With Q1 2022 behind us, we dove into foot traffic data to find out how CVS, Walgreens, and Rite Aid were performing.
CVS and Walgreens Still Seeing Increased Visits
Walgreens and CVS both saw big successes during 2021, and foot traffic to both brands is still ahead of where it was pre-pandemic; visits the week of April 11th were up 11.8% and 8.8% for Walgreens and CVS, respectively, compared to the equivalent week in 2019. Still, there does appear to be a dip in visits since the beginning of 2022, which could be due to waning numbers of COVID and reduced demand for tests and vaccines.
Walgreens kept busy during 2021 with new leadership, technological acquisitions, and an expanded healthcare division. Its large-scale alliance with VillageMD makes it the first national pharmacy chain to offer full-service primary care practices with physicians and pharmacists co-located at its stores all under one roof.
In November 2021, CVS announced that starting in spring 2022, it will close about 900 stores across the nation over the course of the next three years. This marks the closure of roughly 10% of the brand’s retail locations. The store closures have been announced to take place during spring 2022 and some closures are already underway. CVS’ decision to downsize reflects its ongoing focus on its omnichannel strategy and an emphasis on in-location services. We previously wrote about how cannibalization influences the choice to close certain store locations and maximize rightsizing efforts.
Revamped Efforts at Walgreens and CVS To Boost Customer Loyalty Paying Off
Last year, Walgreens and CVS both took steps to bolster customer loyalty by offering its customers access to a personalized, omnichannel healthcare experience. As we’ve written about previously, customers are more likely to be loyal to their healthcare provider than to their local pharmacy, so the brands’ transition to focus on the needs of customers as patients is a significant factor in driving growth and bolstering customer loyalty.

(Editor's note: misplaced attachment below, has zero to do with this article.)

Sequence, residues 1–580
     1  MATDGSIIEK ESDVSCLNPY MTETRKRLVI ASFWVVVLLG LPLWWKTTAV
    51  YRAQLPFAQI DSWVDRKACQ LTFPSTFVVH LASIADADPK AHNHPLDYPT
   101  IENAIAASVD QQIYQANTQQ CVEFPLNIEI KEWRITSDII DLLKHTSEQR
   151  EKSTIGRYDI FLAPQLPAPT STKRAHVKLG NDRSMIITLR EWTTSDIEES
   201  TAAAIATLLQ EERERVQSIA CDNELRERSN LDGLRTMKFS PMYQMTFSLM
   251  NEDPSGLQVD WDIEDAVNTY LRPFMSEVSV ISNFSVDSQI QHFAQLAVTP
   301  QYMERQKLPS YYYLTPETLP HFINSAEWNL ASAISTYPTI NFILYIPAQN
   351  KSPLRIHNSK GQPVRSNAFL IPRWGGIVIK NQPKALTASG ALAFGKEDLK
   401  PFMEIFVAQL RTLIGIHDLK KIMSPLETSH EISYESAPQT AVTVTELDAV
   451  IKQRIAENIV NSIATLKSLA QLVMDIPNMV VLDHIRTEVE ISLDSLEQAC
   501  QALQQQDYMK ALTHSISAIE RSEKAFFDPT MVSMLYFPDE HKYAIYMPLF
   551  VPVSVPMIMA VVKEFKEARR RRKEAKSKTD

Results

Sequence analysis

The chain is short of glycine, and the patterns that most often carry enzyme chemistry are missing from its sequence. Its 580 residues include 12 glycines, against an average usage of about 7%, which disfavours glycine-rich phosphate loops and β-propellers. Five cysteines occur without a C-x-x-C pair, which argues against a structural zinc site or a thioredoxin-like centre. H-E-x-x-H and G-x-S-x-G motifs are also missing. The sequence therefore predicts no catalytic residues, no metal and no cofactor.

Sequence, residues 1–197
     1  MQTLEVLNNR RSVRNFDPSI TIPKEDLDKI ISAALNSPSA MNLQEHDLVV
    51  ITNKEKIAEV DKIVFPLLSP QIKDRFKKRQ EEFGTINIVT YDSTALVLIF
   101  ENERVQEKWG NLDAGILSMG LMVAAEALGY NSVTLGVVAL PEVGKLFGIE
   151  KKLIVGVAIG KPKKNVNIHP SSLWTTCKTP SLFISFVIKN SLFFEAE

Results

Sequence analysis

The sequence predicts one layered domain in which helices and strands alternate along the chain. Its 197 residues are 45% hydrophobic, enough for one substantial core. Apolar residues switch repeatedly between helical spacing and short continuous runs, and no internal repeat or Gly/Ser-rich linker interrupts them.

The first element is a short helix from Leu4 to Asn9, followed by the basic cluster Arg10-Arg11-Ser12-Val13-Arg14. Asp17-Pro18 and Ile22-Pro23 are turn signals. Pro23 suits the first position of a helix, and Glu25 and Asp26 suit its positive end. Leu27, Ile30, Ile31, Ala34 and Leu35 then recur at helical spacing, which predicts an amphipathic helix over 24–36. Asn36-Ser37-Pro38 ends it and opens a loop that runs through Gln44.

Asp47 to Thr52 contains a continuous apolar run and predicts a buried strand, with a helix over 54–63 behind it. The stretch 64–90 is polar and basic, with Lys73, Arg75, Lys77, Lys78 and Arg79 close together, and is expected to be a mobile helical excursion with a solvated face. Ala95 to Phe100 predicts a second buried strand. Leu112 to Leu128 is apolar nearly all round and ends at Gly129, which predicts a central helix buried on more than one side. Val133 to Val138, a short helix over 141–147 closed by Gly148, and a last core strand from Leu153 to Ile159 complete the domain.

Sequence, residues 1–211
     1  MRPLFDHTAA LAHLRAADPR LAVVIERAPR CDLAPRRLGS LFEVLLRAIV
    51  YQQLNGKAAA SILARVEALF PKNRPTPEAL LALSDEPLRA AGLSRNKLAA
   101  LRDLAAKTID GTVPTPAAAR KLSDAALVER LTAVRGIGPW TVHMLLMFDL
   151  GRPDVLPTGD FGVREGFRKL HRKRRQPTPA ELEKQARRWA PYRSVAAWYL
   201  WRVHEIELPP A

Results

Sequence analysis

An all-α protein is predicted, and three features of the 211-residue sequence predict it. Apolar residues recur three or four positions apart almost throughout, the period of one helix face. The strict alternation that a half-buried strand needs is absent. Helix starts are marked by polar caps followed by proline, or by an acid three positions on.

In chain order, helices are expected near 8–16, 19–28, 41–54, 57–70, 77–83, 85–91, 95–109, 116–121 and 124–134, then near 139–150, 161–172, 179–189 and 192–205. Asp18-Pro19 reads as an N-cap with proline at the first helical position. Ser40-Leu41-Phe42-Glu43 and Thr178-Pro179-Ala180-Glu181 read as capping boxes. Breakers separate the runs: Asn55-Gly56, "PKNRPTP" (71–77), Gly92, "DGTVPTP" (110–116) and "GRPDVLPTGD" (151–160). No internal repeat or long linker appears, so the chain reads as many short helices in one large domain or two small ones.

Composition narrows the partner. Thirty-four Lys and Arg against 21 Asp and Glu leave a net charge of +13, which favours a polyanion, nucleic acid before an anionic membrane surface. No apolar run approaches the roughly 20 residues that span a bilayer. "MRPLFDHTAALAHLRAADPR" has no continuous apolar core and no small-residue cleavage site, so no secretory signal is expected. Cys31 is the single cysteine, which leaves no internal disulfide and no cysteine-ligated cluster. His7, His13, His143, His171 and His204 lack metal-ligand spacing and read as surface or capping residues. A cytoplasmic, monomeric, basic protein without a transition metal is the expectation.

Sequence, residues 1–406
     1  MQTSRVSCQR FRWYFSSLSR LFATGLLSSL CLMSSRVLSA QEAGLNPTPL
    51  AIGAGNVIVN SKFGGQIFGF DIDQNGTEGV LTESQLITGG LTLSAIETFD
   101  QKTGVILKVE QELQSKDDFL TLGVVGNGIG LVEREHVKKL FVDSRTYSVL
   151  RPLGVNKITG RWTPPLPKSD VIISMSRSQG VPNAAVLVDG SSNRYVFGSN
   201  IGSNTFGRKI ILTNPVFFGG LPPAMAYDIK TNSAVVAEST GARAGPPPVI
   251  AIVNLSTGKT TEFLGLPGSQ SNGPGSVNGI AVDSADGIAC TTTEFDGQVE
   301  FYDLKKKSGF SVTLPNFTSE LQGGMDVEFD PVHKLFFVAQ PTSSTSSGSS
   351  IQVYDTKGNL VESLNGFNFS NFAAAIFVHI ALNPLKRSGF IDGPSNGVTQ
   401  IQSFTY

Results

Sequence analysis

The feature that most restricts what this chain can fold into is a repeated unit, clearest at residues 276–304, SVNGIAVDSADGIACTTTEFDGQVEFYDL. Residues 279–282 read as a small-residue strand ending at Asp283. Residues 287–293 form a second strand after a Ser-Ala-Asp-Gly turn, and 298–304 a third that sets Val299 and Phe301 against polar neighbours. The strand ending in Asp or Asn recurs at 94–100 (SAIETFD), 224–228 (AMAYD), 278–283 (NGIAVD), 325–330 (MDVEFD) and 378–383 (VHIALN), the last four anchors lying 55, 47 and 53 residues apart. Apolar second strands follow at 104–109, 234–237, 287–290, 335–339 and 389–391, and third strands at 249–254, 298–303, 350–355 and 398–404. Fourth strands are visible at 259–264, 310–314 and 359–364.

So far, while cross-shopping from Walgreens to CVS and from CVS to Walgreens is slightly lower than it was pre-pandemic, neither brand has yet to make significant inroads in convincing its customers not to shop at competing pharmacy chains. But it’s clear that fostering customer loyalty is at the core of both CVS’ and Walgreens’ current growth strategy, so these efforts will undoubtedly raise the bar for the pharmacy sector as a whole going forward.
Rite Aid’s Overall Traffic Is Down, but Visits Per Venue Are Up
Unlike CVS and Walgreens, Rite Aid saw decreased foot traffic in 2021 – perhaps due to the fact that Rite Aid branches are located primarily in areas more affected by COVID, with more than half the stores in California, New York, and Pennsylvania. As a result, the company announced in December 2021 plans to close over 60 stores in the following months, and recently announced plans for an additional 145 store closures.
Already, it looks like Rite Aid’s store fleet consolidation is having an impact on foot traffic performance. Since the beginning of the year, Rite Aid’s Yo3Y visits per venue metrics have been positive, even as the brand’s overall visit numbers lag behind pre-pandemic levels. In March 2022, its average weekly visits per venue were up by 7.2% compared to March 2019.
Rite Aid’s efforts to rightsize its operations are accompanied by ongoing efforts to boost its in-store product offering with brand partnerships, such as Rite Aid’s recent collaboration with Beyond Meat. Although the brand’s overall visits are currently down in numbers, the fact that visits per venue are up goes to show that Rite Aid is ultimately on the right strategic path.
How will the pharmacy sector’s performance continue to unfold in 2022? Visit Placer.ai to find out.